Holocaust Museum LA presents “Ruth Gruber: Photojournalist,” highlighting the work of the trailblazing photographer, journalist and humanitarian. The exhibit opens Dec. 12, and will run through April 13, 2022. Gruber’s acclaimed work as an intrepid, humanitarian photographer spanned more than five decades on four continents.

Ruth Gruber (1911–2016) was born to Jewish immigrants in Brooklyn and became the youngest Ph.D. in the world, at age 20, with a dissertation on Virginia Woolf. In 1935 she was the first correspondent to travel to the Siberian Gulag and Soviet Arctic.

She captured some of the earliest color images of Alaska’s vast frontier, the lives and customs of the native population, and the conditions and experiences of American soldiers. In 1944, as World War II raged, Gruber stewarded the ship Henry Gibbins on a secret U.S. government mission that brought nearly 1,000 Jewish refugees from Europe to Fort Ontario in upstate New York. Gruber subsequently shifted her attention to the lives of refugees and to issues of rescue, sanctuary and liberation, devoting the rest of her life to humanitarian causes.

In 1947, Gruber’s exclusive photographs documenting the harrowing voyage of the Exodus 1947—a ship carrying 4,500 Jewish refugees that attempted to break the British blockade on immigration to Palestine—were sent internationally via wire services to thousands of newspapers and magazines. Her iconic images radically transformed attitudes toward the plight of Jewish refugees and Holocaust survivors after the war. Following the establishment of the state of Israel, Gruber photographed the waves of immigrants who poured into the new country while continuing her commitment to documenting the condition of Jewish communities throughout the world.

Ruth Gruber devoted her life to fighting against injustice, advocating for human rights, and asserting the basic dignity of all people. Her determination to draw attention to the plight of refugees and stateless people is as timely and relevant today as it was when she took her iconic photographs of Holocaust survivors on the Exodus 1947. “Ruth Gruber, Photojournalist” is a tribute to her extraordinary life and to the humanitarian concerns that guided her work.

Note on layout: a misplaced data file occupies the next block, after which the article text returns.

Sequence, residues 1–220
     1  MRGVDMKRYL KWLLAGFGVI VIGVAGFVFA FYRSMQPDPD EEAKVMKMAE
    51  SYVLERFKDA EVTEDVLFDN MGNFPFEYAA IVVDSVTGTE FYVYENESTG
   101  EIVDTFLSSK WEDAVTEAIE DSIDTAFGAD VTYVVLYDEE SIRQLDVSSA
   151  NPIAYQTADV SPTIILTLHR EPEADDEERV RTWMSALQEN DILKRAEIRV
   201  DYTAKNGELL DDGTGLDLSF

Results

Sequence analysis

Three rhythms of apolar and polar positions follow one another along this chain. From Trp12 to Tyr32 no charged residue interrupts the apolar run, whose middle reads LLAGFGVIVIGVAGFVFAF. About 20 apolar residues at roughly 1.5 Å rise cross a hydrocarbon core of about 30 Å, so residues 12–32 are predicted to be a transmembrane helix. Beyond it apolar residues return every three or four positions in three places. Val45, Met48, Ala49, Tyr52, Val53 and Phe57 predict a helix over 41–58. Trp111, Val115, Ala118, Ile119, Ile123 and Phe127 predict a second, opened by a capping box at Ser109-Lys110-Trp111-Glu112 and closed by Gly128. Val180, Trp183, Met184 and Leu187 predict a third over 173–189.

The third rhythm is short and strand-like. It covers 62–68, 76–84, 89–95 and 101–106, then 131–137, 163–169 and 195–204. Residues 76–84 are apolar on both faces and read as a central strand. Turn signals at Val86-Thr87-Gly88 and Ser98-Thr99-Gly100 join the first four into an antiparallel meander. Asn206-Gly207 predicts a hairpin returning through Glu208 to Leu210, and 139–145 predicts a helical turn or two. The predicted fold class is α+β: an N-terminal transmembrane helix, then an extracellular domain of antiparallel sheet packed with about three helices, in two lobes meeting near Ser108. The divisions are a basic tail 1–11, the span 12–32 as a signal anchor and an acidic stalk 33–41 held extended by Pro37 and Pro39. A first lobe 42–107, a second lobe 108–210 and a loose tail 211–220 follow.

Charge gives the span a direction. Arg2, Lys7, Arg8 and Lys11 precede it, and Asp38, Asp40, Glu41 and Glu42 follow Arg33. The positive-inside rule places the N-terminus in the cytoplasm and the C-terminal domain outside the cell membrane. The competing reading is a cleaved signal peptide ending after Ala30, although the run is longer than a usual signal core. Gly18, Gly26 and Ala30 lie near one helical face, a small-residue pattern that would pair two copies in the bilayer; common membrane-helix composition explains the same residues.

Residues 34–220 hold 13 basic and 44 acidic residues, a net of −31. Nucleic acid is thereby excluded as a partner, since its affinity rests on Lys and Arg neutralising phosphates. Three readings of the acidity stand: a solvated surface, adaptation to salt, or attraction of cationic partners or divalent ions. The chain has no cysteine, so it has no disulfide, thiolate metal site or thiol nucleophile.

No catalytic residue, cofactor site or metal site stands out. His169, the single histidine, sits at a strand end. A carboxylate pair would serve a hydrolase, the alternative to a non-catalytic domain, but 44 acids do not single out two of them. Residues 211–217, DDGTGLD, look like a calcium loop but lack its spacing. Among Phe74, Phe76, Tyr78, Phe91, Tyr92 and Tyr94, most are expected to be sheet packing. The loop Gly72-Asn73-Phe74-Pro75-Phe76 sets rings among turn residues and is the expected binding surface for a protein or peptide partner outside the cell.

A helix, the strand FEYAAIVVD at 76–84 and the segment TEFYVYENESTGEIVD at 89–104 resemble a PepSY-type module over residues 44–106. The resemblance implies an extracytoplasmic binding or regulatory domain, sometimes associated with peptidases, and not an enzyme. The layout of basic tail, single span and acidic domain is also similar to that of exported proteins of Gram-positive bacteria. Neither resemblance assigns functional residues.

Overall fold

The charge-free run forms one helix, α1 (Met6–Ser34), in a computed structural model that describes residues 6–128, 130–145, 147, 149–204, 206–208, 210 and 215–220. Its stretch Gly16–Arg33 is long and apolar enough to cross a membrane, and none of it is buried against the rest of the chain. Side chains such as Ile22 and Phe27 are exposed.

Organized by art historian and curator Maya Benton, and drawn from Gruber's private archive, this exhibition includes never-before-seen color photographs and vintage prints made over more than half a century on four continents, alongside contemporary prints made from her original negatives.

The opening event on Dec. 12 at 2 p.m. will feature remarks from Beth Kean, Holocaust Museum LA CEO; curator Maya Benton; and Patti Kenner, Gruber’s longtime friend and executive producer of the film “Ahead of Time: The Extraordinary Journey of Ruth Gruber.”

The exhibition “Ruth Gruber: Photojournalist” was made possible by friends of Ruth Gruber and Patti Kenner and supported, in part, by the Los Angeles County Board of Supervisors through the Department of Arts and Culture.

Reservations are required to both visit the museum and to attend the opening event. The opening event will have limited capacity. For more information on the opening event, visit tiny.cc/ruthgruber.

For more information on the exhibit, visit https://holocaustmuseumla.org/post/ruth-gruber-photojournalist.

About Holocaust Museum LA

Holocaust Museum LA is the first survivor-founded and oldest Holocaust museum in the United States and houses the West Coast’s largest collection of Holocaust-era artifacts. Since 1961 the museum has carried on the mission of the founding survivors to commemorate those who perished, educate future generations about the Holocaust, and inspire a more dignified and humane world. Museum admission is free for all students and California residents. https://holocaustmuseumLA.org/